Fabric information for Sheep Suits Sheep Covers made by Rocky Sheep Company of Loveland, CO.

Sheep Suits™ Sheep Covers are made in two different weights of nylon. Regular or heavy Sheep Suits™ are made of 1000 denier nylon. Sheep Suits™ Lite are made of 400 denier nylon. Denier is a unit of measure for the linear mass density of fibers. The 1000 denier nylon is commonly called Cordura and was developed by DuPont. Because it is so hard-wearing and durable, it is used extensively in the outdoor industry and by the US military.

The threads for the 1000D fabric used in Sheep Suits™ are approximately 1.5 mm wide and .15 mm thick. The fabric weighs almost one pound per yard so we are talking about heavy duty roll goods. These covers are so robust and resilient to tearing that they will out last any other cover on the market today. This fact reduces the cover cost per year per sheep to a more reasonable dollar amount and that savings goes directly to your bottom line. I know of shepherds that have regular Sheep Suits that are over 6 years old and they are still in good shape with minimal patches.

The 400 denier nylon is 2 ½ times less dense than 1000D but still very tough. It has a very slick, smooth feel. I searched for this fabric at the request of Merino and Rambouillet breeders.
At first glance I was a bit skeptical of how light weight the 400D seemed. However, after pretending to be a sheep (I did nothing but think about food and sleep all day) and dragging it across nails, hog panel ends and some barbed wire, I was convinced that it had the toughness that Sheep Suits™ require. It is difficult to snag because it has such a smooth, silky character and doesn't puncture easily. It really resisted the nails and the hog panel. The point on the barbed wire did puncture it more easily but not many shepherds that cover their sheep use barbed wire so I didn’t put too much credence in that test.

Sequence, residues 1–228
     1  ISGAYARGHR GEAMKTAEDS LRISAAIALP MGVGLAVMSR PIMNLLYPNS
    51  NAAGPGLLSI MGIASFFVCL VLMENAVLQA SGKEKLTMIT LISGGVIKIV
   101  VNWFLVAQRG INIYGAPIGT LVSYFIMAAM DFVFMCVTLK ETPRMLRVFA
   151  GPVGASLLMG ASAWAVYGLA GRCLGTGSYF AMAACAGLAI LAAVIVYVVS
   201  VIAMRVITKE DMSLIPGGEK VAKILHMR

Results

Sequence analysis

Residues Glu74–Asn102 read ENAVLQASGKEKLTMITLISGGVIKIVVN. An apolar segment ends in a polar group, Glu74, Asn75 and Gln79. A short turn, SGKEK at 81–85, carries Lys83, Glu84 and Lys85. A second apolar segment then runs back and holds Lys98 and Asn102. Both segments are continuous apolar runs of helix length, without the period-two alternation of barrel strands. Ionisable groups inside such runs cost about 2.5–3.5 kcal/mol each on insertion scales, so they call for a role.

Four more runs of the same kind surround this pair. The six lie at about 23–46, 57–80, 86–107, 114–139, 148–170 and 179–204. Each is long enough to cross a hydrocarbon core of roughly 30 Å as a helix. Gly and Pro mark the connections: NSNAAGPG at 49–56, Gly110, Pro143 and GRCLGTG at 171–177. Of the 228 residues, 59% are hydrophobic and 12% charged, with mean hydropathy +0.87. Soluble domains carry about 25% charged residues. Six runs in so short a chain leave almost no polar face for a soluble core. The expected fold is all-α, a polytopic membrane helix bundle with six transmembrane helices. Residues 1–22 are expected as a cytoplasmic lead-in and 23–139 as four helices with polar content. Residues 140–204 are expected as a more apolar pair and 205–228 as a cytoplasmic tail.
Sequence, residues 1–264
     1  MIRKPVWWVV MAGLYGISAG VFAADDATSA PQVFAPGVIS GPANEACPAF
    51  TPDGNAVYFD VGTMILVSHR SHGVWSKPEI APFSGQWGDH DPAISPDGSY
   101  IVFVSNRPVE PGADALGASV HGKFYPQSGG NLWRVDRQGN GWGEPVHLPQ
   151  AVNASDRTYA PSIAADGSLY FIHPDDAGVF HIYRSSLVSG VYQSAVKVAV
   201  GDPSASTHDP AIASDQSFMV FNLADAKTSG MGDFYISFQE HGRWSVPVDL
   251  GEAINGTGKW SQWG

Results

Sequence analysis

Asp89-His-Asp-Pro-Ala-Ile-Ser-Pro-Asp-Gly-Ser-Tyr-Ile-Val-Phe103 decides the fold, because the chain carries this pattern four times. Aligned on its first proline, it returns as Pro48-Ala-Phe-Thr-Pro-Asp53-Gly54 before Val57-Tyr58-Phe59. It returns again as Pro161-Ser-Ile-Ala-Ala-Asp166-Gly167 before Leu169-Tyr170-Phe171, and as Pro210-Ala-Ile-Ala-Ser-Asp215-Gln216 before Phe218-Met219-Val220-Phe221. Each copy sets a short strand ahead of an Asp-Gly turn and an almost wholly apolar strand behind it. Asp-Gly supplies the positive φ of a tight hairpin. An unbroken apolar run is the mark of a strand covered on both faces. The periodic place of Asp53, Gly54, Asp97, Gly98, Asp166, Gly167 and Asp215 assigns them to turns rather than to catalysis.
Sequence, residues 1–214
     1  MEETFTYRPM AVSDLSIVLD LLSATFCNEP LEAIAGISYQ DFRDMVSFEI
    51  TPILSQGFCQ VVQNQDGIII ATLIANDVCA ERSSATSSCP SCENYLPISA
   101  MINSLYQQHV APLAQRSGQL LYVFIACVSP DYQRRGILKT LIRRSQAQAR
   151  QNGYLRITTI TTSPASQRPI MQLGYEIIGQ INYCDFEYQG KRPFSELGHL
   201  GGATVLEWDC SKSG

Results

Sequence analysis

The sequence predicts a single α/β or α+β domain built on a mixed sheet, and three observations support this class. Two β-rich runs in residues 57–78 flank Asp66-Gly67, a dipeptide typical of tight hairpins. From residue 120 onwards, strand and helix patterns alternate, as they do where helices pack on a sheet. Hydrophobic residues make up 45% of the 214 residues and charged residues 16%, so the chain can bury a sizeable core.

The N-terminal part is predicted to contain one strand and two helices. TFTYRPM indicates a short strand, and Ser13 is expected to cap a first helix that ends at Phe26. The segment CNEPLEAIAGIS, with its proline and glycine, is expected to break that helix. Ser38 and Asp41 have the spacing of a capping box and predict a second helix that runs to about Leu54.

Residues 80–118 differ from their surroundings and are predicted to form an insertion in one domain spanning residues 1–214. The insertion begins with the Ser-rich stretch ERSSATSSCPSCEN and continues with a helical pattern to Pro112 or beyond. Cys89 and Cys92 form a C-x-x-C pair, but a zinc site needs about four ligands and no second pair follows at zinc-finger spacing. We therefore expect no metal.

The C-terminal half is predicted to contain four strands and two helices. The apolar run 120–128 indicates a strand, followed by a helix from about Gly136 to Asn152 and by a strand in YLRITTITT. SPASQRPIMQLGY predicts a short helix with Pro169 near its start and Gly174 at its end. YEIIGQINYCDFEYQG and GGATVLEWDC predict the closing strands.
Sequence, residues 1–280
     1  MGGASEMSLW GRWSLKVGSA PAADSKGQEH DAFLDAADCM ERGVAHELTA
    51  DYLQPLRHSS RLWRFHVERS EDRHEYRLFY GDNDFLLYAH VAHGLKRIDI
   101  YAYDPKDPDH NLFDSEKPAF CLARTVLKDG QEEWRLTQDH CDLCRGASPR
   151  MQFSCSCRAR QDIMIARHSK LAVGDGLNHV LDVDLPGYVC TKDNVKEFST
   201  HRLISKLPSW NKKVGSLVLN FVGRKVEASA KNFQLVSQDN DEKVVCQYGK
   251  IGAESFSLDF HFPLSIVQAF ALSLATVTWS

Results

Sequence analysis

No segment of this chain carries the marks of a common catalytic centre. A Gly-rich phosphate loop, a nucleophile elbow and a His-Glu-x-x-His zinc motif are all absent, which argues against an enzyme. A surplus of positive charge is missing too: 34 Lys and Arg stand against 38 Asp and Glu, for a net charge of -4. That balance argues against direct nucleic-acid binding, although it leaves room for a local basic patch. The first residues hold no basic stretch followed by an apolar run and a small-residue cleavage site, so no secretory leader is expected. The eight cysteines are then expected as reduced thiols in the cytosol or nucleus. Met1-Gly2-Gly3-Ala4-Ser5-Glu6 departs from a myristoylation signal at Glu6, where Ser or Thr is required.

Sheep Suits™ Lite will obviously not be as durable as regular Sheep Suits™. Nor will they last as long; but shepherds that have experienced a dilemma I call “pilling” may find that they eliminate that problem. “Pilling” is seen on finer wooled breeds like Merino, Rambouillet and Cormo and is similar to the “pilling” that one gets on polar fleece garments.

The thread size used in 1000d fabric creates a somewhat rough handle and in my opinion that is what causes “pilling”. I had this problem on some of my finer wooled Corriedales. I don’t feel that this is an issue on wool that is courser than 58’s. I never had a hand spinner complain about it but it always worried me and now I feel that I have found a solution.

I hope that this information answered any questions that you have about the fabric used in Sheep Suits. If it hasn't please see the spin count page or feel free to give me a call and I will be happy to discuss this most important topic in further detail.

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